While waiting to take benefits may seem like a no-brainer, you will also have to consider the fact that you will be missing years’ worth of benefits and calculate your “break-even point” – the age at which the sum of your higher benefits adds up to the amount you missed out on by claiming late.  If you expect to live after your break-even age, then you will be wise to delay taking benefits until your full retirement age as long as it is financially feasible for you to wait.

The following chart shows the reduction or increase in benefits compared with a full retirement age of 67, based on the age at which you claim benefits. It also shows the number of years you would need to receive benefits to break even, compared with claiming at age 62. It is based on the average monthly benefit of $1,404 at full retirement age.[1]

You can visit www.ssa.gov/myaccount/ to find out what your projected retirement benefits will be at your full retirement age, age 62 and age 70.  Based on your expected benefit at full retirement age, you can use the formulas described above to determine what your benefits will look like in the year you choose to claim benefits, and you can also calculate your break-even point.

Of course, determining when to begin taking Social Security benefits is just one piece of a very large and complex puzzle.  Every person has a unique situation affecting their retirement decisions, so general guidelines are meant to be just that – general.  We recommend that you consult with an advisor who can take a holistic look at your goals and resources to determine a retirement strategy and the Social Security claiming strategy that is right for you.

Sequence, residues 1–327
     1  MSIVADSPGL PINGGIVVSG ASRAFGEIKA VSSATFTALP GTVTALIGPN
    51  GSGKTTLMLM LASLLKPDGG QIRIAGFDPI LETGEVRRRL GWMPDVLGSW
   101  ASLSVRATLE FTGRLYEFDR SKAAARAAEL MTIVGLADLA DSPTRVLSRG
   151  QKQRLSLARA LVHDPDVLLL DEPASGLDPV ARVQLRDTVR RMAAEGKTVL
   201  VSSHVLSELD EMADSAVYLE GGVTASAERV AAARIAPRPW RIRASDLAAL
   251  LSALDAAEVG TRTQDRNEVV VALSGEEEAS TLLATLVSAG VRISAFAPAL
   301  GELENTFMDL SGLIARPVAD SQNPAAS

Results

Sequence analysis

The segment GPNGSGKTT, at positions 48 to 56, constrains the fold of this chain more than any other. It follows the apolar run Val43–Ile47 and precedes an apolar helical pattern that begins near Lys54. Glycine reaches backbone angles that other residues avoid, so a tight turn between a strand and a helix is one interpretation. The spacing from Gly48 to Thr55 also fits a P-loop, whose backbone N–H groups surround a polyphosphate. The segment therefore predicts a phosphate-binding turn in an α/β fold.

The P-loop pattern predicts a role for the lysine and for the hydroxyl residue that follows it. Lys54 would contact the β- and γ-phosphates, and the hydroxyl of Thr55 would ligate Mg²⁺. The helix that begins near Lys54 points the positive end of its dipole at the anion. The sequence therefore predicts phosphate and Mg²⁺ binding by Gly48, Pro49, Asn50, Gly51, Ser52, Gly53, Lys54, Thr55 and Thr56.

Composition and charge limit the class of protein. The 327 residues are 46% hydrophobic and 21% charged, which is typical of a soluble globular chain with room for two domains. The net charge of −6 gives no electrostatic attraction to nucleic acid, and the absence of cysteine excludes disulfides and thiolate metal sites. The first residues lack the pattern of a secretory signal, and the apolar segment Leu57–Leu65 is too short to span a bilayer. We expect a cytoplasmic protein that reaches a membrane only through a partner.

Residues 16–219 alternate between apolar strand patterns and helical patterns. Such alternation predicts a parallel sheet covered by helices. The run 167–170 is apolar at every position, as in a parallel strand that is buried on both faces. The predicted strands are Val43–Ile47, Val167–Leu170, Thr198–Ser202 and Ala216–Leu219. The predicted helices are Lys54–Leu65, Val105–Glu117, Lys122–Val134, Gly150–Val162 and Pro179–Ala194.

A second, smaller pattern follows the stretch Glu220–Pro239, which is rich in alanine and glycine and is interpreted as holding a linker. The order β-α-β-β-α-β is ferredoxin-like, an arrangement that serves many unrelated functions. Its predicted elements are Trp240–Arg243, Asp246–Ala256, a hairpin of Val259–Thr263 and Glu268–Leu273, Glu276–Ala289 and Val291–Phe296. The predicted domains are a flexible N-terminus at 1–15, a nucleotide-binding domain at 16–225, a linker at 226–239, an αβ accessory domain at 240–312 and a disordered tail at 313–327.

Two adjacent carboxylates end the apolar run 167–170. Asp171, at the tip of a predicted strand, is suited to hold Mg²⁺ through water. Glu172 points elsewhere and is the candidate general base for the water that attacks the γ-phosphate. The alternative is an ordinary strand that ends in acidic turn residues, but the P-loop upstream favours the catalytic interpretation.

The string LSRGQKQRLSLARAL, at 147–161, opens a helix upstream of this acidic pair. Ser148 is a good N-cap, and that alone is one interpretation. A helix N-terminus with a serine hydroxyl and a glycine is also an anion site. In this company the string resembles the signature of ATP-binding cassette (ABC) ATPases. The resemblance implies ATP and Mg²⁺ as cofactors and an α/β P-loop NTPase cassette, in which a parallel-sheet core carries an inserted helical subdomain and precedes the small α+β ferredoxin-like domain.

[1] https://www.fool.com/investing/2018/01/16/the-1-chart-you-need-to-decide-when-to-take-social.aspx

Ask Kit Kat: Pet Allergies

Hook Law Center: Kit Kat, what is the best way to handle pet allergies?

Kat Kat: Well, I suppose the simplest way is to not adopt a pet in the first place, if you know you have pet allergies. However, many people are not satisfied with that response, so they go ahead and deal with the allergy, rather than denying themselves the pleasure of a pet. Fortunately, there are degrees of being allergic to pets, so some with mild allergies can, with some precautions and medications, make it work. However, those with severe allergies should not probably not take the risk. If pet fur sends you into an asthma attack and to the emergency room, then perhaps you can satisfy your desire to interact with pets through volunteering in fundraisers for pets or by becoming a member of groups such as the US Humane Society or the ASPCA.

If you have decided to have a pet despite an allergy, Kenneth Mendez, chief executive of the nonprofit Asthma and Allergy Foundation of America (AAFA), recommends keeping “pets out of the bedroom, avoid carpets in the home, and use products certified as asthma and allergy friendly.” Olivia Lanes of Pittsburgh, PA is one such person who plunged ahead with pet ownership despite her allergy. She has 2 cats—Cupcake and Sophie, as well as a dog named Nova. She sneezes a lot and often has congestion, but she wouldn’t give up her pets for anything. Tracy Spiering has a 20-year old cat named Oatmeal Cookie, and 2 other cats. She requires bi-monthly shots to keep her allergies in check, but to her, giving her cats away is not an option. “It would be like giving away your kid.”